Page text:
Another maritime boundary dispute in Africa could be getting started as Sudan’s Foreign Ministry summoned Egypt’s ambassador to Khartoum, Hossam Issa, over Egypt offering oil and gas exploration blocks “in Red Sea areas subject to Sudanese sovereignty.”
Just recently Egypt’s South Valley Egyptian Petroleum Holding Co. or Ganope, offered up 10 oil and gas exploration blocks in the Red Sea for sale through a tender, with bids due to close on August 1.
Sudan claims that at least some of those blocks are in its waters and urges oil and gas companies against submitting bids on them.
The Halayeb triangle, which is controlled by Egypt, has been claimed by Sudan since the 1950s.
Cairo says it is Egyptian territory and it has long been a source of contention between the two neighbors.
Foreign Ministry Undersecretary Badreddin Abdullah expressed Sudan’s protest at the offer and called on Egypt “not to proceed in this direction that contradicts the legal status of the Halayeb triangle,” the Ministry said in a statement.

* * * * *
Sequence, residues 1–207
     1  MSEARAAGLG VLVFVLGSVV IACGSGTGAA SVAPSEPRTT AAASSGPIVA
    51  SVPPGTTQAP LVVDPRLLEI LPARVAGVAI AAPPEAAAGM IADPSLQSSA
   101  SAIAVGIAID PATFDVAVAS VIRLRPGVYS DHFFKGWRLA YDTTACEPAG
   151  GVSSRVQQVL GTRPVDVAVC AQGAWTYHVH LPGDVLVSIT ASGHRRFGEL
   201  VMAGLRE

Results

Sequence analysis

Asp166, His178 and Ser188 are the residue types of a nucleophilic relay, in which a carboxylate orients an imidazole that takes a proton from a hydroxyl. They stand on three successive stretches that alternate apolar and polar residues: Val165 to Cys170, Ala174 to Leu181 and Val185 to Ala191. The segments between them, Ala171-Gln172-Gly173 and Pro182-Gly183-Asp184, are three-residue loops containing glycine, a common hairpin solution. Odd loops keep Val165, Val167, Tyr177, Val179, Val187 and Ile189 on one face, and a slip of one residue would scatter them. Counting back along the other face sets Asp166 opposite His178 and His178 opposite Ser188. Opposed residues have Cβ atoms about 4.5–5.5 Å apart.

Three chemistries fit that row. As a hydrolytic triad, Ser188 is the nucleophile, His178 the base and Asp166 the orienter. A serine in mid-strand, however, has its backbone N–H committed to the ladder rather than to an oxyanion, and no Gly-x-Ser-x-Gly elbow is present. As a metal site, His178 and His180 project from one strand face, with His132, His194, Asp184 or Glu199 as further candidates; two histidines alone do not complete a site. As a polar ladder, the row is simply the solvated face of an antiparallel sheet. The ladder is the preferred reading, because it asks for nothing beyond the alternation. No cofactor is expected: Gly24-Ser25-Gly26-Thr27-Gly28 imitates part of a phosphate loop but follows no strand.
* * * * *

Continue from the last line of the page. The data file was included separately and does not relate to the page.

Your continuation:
On March 20, Saad al-Deen Hussein al-Bishri, Minister of State at Khartoum’s Ministry of Oil, said that offering four of the 10 blocks and other unnamed ones “within Sudanese lands in the Halayeb area … are considered a direct intrusion into the authorities of the Sudanese Oil and Gas Ministry in granting licenses for oil and gas exploration in that area.”
A report by SUNA, Sudan’s state-news agency, cited al Bishiri as saying “It is considered an illegal operation that carries legal consequences which will be borne by the entities carrying out this operation.”
Sudan’s Foreign Ministry “warns companies operating in the field of oil and gas exploration against submitting any bids in the mentioned area”, it said in the statement.
Sudan “renews the invitation extended to brotherly Egypt to use peaceful means to end this border dispute.”